If there was a single, largest surprise for economist Loren Scott in preparing his 2020 economic outlook for Louisiana, it resided in Gulf of Mexico waters.

His expectation that the offshore oil and gas industry will begin to recover this year was based at least in part on the break-even mark for drilling in the Gulf: In 2014, in order for oil to break even for its steep investments in drilling offshore, oil had to sell at $80 a barrel. Nowadays, he noted, some companies can break even at $30 a barrel.

“If our forecast is correct, that oil will average around $60 a barrel, that will help companies,” he said, adding that the offshore industry includes “some of the cleverest, smartest people you will ever find.”

Scott’s remarks followed Wednesday’s 2020 Economic Outlook presentation in Lafayette, hosted by One Acadiana, presented by IberiaBank and supported by Cox Business.

Confidence in offshore improvement was based on the industry efficiencies developed since oil prices fell at mid-decade, especially since a glut of oil on the market dropped global prices to a low of about $26.

Among changes, he said, were technological innovations that allowed drillers to succeed in deeper waters and cutbacks in prices from service providers. If recovery occurs as expected, Scott said, service industry providers will begin to recovery some of the losses.

In his morning presentation for One Acadiana, Scott said oil prices in the coming year will fall in the $30 to $90 a barrel range, a wide swarth but one he’s used in previous presentations. Prices fluctuated widely in the previous decade, especially in the past five years and hovered around $58 Wednesday morning. He said he expect oil supply will continue to rise.

In the Gulf, he said, rig counts will rise from about 20 last year to about 35 this year. That follows lease sales in the Gulf that rose by 52 percent with a rise of about 33 percent in the value of the bids.

One key investment, he said, may be Chevron’s in the Anchor field in the Gulf, an ultrahigh pressure project which may advance by the end of the year.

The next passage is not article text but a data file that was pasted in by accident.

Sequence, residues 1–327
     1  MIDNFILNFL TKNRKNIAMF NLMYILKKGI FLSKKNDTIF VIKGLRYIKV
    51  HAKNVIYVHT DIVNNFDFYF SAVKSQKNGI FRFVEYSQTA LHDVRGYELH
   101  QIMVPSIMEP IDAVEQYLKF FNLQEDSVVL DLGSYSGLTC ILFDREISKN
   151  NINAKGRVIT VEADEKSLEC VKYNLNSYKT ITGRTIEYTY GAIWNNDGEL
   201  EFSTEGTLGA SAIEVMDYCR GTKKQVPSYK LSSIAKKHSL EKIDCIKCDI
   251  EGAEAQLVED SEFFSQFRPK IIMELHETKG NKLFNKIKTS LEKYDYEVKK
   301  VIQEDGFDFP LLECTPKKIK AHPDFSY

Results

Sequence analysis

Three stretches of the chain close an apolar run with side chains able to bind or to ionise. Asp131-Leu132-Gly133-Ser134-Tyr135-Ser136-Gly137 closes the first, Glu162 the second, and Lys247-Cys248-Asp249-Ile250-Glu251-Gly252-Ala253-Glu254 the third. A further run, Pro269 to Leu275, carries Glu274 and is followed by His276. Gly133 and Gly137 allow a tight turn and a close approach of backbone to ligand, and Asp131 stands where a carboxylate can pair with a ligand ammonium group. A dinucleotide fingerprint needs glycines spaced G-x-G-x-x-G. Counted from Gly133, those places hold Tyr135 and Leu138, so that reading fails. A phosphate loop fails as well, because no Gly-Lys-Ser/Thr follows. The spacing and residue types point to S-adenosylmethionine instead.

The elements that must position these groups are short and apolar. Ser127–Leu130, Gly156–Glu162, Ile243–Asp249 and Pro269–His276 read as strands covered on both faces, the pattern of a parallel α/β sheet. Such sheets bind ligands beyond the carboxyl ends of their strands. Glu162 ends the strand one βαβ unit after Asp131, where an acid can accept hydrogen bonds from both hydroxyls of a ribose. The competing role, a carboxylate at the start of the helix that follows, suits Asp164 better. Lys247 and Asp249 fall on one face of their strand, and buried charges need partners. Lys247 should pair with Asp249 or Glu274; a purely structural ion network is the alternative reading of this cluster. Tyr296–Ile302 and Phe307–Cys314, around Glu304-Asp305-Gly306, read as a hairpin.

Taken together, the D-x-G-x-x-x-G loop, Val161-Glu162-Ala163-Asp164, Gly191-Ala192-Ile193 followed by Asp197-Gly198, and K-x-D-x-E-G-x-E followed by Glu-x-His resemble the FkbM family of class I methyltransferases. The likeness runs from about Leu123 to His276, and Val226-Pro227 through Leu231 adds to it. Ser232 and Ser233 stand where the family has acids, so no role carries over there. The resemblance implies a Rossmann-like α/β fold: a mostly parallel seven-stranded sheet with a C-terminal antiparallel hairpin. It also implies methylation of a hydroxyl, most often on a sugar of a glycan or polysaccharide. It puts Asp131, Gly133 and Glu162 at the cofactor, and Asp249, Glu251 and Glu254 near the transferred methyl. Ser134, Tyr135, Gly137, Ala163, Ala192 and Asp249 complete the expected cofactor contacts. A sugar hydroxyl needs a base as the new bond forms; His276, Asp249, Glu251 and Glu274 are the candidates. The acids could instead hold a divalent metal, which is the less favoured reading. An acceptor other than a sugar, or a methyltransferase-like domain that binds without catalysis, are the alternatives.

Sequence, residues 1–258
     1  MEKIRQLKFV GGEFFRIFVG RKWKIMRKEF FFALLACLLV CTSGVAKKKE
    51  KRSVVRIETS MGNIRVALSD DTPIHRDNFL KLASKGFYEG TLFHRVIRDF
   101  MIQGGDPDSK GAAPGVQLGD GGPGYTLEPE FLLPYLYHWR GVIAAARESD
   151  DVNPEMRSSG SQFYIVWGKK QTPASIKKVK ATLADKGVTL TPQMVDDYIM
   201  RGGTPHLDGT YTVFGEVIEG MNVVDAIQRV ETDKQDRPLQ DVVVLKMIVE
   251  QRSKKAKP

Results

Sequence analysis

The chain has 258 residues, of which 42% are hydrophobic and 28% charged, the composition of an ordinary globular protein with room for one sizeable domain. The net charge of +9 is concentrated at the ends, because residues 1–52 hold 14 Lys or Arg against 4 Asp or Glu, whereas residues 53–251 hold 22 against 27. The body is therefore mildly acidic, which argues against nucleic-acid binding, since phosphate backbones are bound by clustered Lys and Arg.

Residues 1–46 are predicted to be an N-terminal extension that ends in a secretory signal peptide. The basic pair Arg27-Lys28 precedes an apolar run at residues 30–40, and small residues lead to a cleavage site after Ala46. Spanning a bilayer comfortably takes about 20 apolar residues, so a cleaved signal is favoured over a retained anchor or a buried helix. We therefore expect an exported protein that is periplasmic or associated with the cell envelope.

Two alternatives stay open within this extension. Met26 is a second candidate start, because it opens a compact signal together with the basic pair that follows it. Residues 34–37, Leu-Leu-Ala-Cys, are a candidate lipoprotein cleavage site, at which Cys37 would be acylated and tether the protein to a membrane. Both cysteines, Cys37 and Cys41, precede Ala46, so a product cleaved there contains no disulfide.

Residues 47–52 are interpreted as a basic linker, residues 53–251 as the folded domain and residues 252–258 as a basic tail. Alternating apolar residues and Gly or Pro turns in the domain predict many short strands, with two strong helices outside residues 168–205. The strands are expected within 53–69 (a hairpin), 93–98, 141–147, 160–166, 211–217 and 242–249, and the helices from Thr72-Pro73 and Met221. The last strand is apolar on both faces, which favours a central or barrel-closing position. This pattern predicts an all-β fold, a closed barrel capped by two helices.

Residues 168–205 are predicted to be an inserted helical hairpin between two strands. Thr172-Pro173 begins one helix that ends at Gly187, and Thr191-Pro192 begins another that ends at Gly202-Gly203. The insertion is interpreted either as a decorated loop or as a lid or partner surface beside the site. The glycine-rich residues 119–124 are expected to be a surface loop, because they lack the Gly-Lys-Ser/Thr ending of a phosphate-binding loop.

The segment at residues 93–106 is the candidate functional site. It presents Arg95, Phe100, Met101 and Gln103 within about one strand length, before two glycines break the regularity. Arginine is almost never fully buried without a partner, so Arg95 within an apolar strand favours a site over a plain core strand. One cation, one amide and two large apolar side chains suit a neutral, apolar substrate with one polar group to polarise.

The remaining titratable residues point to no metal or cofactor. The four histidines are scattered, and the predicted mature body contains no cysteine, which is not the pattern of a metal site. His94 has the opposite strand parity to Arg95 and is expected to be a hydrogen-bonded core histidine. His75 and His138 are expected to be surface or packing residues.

Gary Wagner, professor of economics at the University of Louisiana at Lafayette, said part of the efficiencies in offshore include being able to drill with fewer employees. He said that successful projects don’t necessarily mean more jobs; thus, he said, he doesn’t necessarily share Scott’s rosier outlook for Gulf drilling in the coming year.

He also said deepwater drilling continues to demand huge investments, including big rigs that deteriorate because of salt air.

Even in creation of large liquefied natural gas projects in southwestern Louisiana, Wagner said, the jobs come up front in the construction phase, not in permanent employment.

Scott also cited Lafayette Metropolitan Statistical Area growth generated by its diverse economy, touting employment growth, real and projected, at numerous area companies. He touted growth at the Port of Iberia and the Acadiana Regional Airport, and continued improvements at Lafayette Regional Airport, which is building a new terminal.

Scott said some factors may mitigate optimism locally, among them President Trump’s use of tariffs against trade partners like China and Mexico. If those are threatened or used for negotiation, he said, they will be less likely to harm the economy: Both countries have more at stake in exporting here. But, he suggested, if tariffs help spark a trade war or eventually recession, optimism for 2020 will lessen.

Steven Hebert, president and CEO of the Billeaud Cos., said he was heartened by the presentation, especially Scott’s projections for oil and gas industry recovery in the Gulf.

“Employment is turning around,” he said.

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Email Ken Stickney at kstickney@theadvocate.com.